The team that developed this technology was headed by a manufacturer with a large research staff and expertise in high-tech materials. It also included independent scientists, a conductor manufacturer with stranding experience, producers of different styles of line hardware for dead ends and suspensions, test laboratories, and host utilities with facilities that served as test beds. The team also received encouragement from the U.S. Department of Energy, because the DOE concluded it was in the national interest to accelerate field testing and deployment, to ensure that the technology could be used in upgrading electric transmission infrastructure in the United States.

The industry/DOE team conducted rigorous laboratory and field tests. These covered material proper ties, conductor tests, and accessory tests. Evaluations of the conductor covered tensile strength, stress-strain behavior, electrical resistance, axial impact strength, torsional ductility, short-circuit behavior, crush resistance, lightning resistance, and so on.

TABLE 1 Comparison of Core Properties: ACCR vs. Steel FIG. 2 ACCR conductor. (3M Corporation, Maplewood, MN.)

The first 230 kV installation took place on a Western Area Power Administration line near Fargo, North Dakota, in 2003. That locale is subject to extreme weather conditions, including low temperatures, ice, and high wind speeds. Testing was also conducted at the opposite end of the spectrum, in metro Phoenix, Arizona. ACCR was installed to deliver the entire output of a Salt River Project generating unit. The high load factor and extreme desert southwest heat created an interesting test environment.

The tests included both compression and formed wire-type accessories, as well as vibration dampers.

Advantages touted for ACCR include being well suited for long-span crossings, regions with heavy ice loads, and installations in corrosive environments.

In general, installation techniques are similar to those for ACSR, AAC, or ACSS. However, despite the ACCR core wires being similar in appearance to aluminum, they are quite brittle and will snap if bent to a tight radius. Early on, the manufacturer conducted extensive tests and developed guidelines for pulling tension and diameter of sheaves and bull wheels. Because installations have been carefully supervised, and crews have followed the guidelines, no conductor damage during installation has occurred to date.

5. Gap-Type ACSR Conductor

This conductor has a strikingly different geometrical configuration than ACSR. It is made up of heat resistant aluminum strands surrounding a steel core. The outer aluminum layer(s) can be made of either round or trapezoidal strands. However, the furthest inside layer of aluminum must be comprised of trapezoidal strands, configured to form a gap between the steel core and the aluminum layers.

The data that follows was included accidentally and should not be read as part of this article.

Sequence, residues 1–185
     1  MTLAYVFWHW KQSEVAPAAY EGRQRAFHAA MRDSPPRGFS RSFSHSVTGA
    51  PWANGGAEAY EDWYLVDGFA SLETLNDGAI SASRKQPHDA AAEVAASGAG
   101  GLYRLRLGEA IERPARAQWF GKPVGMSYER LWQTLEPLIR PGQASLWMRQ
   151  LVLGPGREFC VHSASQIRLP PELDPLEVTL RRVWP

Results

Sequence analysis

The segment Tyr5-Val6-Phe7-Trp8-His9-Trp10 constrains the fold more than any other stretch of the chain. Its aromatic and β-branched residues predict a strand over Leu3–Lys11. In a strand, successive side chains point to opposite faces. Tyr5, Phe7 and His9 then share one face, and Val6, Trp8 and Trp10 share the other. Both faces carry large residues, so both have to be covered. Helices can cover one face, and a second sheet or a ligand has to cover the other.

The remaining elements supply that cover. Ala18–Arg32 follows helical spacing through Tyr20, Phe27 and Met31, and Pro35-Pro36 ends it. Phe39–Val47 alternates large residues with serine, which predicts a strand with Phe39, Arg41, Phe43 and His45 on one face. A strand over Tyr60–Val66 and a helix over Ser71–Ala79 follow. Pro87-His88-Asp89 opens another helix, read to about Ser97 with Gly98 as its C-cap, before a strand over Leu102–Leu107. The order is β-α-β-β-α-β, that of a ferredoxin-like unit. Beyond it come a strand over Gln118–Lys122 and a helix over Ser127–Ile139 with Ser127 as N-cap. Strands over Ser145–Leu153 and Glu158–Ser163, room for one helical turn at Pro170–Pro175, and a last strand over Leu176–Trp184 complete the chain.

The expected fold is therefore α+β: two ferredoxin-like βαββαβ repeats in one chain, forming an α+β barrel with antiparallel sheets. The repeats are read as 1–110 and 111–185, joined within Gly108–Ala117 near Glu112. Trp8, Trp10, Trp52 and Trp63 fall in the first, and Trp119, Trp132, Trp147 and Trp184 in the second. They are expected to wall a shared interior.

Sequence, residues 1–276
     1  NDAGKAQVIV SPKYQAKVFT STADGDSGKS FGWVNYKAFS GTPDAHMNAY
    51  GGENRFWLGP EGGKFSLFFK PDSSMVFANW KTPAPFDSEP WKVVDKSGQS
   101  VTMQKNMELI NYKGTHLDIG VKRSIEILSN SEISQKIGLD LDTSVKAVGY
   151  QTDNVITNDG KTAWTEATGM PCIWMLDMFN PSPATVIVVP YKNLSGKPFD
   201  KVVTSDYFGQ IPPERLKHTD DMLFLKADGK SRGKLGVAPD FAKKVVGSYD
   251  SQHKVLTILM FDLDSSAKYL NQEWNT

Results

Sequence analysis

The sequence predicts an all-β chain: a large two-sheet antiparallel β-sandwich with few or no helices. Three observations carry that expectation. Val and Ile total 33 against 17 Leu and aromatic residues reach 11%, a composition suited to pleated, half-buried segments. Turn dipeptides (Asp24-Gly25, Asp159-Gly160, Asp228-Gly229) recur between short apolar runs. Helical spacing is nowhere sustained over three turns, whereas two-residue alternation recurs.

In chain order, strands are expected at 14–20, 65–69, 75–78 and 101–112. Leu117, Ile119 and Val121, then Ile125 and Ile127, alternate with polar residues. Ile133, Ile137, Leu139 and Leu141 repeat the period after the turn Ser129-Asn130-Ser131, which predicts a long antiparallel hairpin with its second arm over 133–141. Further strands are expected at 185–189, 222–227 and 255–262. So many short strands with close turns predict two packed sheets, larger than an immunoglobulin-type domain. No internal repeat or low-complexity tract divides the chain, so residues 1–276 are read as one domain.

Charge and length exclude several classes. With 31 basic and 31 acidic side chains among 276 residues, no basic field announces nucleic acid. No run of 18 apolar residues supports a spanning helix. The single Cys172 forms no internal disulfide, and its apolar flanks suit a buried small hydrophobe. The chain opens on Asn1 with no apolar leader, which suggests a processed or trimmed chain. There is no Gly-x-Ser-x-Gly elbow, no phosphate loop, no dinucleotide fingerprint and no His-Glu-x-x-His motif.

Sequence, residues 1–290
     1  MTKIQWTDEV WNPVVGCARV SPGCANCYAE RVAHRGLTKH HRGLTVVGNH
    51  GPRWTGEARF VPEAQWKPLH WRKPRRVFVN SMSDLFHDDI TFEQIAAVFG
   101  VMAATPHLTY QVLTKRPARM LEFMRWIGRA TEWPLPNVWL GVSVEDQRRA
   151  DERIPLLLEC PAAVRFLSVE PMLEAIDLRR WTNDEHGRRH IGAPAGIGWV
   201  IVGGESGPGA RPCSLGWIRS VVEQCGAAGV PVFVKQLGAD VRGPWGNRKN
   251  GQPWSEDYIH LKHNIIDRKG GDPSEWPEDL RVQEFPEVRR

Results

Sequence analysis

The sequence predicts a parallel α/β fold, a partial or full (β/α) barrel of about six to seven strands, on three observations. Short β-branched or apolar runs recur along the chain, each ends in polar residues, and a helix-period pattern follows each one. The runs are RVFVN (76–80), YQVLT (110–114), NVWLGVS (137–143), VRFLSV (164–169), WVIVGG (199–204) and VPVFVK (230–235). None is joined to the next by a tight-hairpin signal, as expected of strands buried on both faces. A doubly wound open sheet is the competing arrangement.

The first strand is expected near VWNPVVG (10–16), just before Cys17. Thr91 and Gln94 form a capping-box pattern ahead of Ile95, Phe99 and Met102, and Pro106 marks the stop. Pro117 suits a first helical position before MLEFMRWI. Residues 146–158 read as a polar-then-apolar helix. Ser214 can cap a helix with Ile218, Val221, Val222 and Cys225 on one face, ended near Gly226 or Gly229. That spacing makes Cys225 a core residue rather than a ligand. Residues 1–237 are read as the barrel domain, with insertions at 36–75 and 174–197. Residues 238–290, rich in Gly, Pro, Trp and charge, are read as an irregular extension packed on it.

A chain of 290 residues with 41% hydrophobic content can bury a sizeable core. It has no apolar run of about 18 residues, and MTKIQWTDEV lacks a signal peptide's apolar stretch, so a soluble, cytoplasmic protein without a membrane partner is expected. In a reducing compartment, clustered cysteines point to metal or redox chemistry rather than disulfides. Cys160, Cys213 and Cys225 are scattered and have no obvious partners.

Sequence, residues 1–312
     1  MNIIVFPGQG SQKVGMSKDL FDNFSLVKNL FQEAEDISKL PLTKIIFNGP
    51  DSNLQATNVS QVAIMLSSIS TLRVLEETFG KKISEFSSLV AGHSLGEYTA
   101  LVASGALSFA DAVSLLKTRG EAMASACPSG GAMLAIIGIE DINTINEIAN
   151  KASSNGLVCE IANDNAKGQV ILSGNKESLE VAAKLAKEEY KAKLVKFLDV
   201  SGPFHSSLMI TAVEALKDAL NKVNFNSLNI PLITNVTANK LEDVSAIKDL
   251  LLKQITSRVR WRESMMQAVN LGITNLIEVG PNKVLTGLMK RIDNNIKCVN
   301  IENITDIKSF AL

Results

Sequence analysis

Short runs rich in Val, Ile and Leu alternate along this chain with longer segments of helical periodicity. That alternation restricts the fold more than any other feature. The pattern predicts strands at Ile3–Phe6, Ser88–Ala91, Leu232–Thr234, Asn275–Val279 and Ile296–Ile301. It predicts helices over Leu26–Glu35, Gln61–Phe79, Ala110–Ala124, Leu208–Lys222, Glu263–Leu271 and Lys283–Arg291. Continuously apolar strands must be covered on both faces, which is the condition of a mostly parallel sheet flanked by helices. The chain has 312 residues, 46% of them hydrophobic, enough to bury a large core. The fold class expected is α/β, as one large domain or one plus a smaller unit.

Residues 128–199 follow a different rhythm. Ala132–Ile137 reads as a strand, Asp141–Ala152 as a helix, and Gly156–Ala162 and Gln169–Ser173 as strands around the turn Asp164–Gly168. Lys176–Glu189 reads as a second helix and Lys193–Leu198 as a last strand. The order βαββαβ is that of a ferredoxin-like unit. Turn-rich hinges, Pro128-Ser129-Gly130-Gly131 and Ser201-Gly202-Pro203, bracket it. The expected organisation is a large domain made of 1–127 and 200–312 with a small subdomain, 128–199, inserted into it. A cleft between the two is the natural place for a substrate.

FIG. 3 Gap-type conductor.

Round aluminum strands Trapezoidal aluminum strands Gap filled with high temperature grease

Steel core


The gap can be filled with a grease that is resistant to high temperatures. Among other advantages, this arrangement of wires enhances the conductor's ability to self-dampen aeolian vibration ( FIG. 3).

When GTACSR is installed, all of the tension is applied to the steel core. The aluminum layers hang loosely. As a result, at temperatures higher than at stringing, all of the mechanical strength is sup plied by the steel. At lower temperatures, sag performance is similar to conventional ACSR. Installing GTACSR is considerably more complex than standard conductor.

As an application example (Zamora et al. 2001), in Spain, an existing line was limited by clearance at an operating temperature of about 50°C. ACSS and INVAR conductors had similar performance to ACSR in the temperature range below 50°C and were not able to significantly increase the line capacity.

However, assuming that GTACSR was installed at 20°C, the flatter sag-temperature characteristic above that temperature allowed for a significant benefit and increased the maximum temperature to 80°C.

6. INVAR-Supported Conductor

The key to reduced conductor sag with the INVAR approach is the use of an iron-nickel alloy for the core wires. This specialty alloy includes about 36%-38% nickel, and it has a very favorable coefficient of thermal expansion. For a given increase in temperature, INVAR's elongation is approximately one-third that of steel. The low-sag core is paired with specially formulated aluminum conductor strands, which are alloyed with zirconium to allow a continuous operating temperature up to 210°C. The core wires can be galvanized (zinc-coated) or aluminum-clad in areas where there is a particular concern about corrosion.

At low temperatures, some of the INVAR conductor's mechanical strength comes from the aluminum alloy current carrying strands, and in that mode, the sag-temperature characteristic is similar to ACSR. Above a transition temperature in the range of 85°C-100°C, all of the mechanical strength is provided by the INVAR core. Thus, in the higher-temperature range, the sag-temperature relationship is very flat.

INVAR conductors have the advantage of being similar to the familiar ACSR: metallic, ductile, and unquestioned longevity. There are no special precautions required during installation. As with other HTLS conductors, it can be used as a direct replacement for ACSR, yielding a twofold increase in line capacity without replacing any poles or towers.

Another similarity in benefits with other HTLS wires is that ecological or environmental benefits can result, since a right-of-way can transmit the same power with fewer or shorter structures, and fewer wires. Many stakeholders feel that the ultimate plus for the environment is to avoid building new lines at all, and meet transmission capacity needs by uprating existing lines. Substantial cost savings are possible when new right-of-way acquisition is avoided and tower modifications are not required.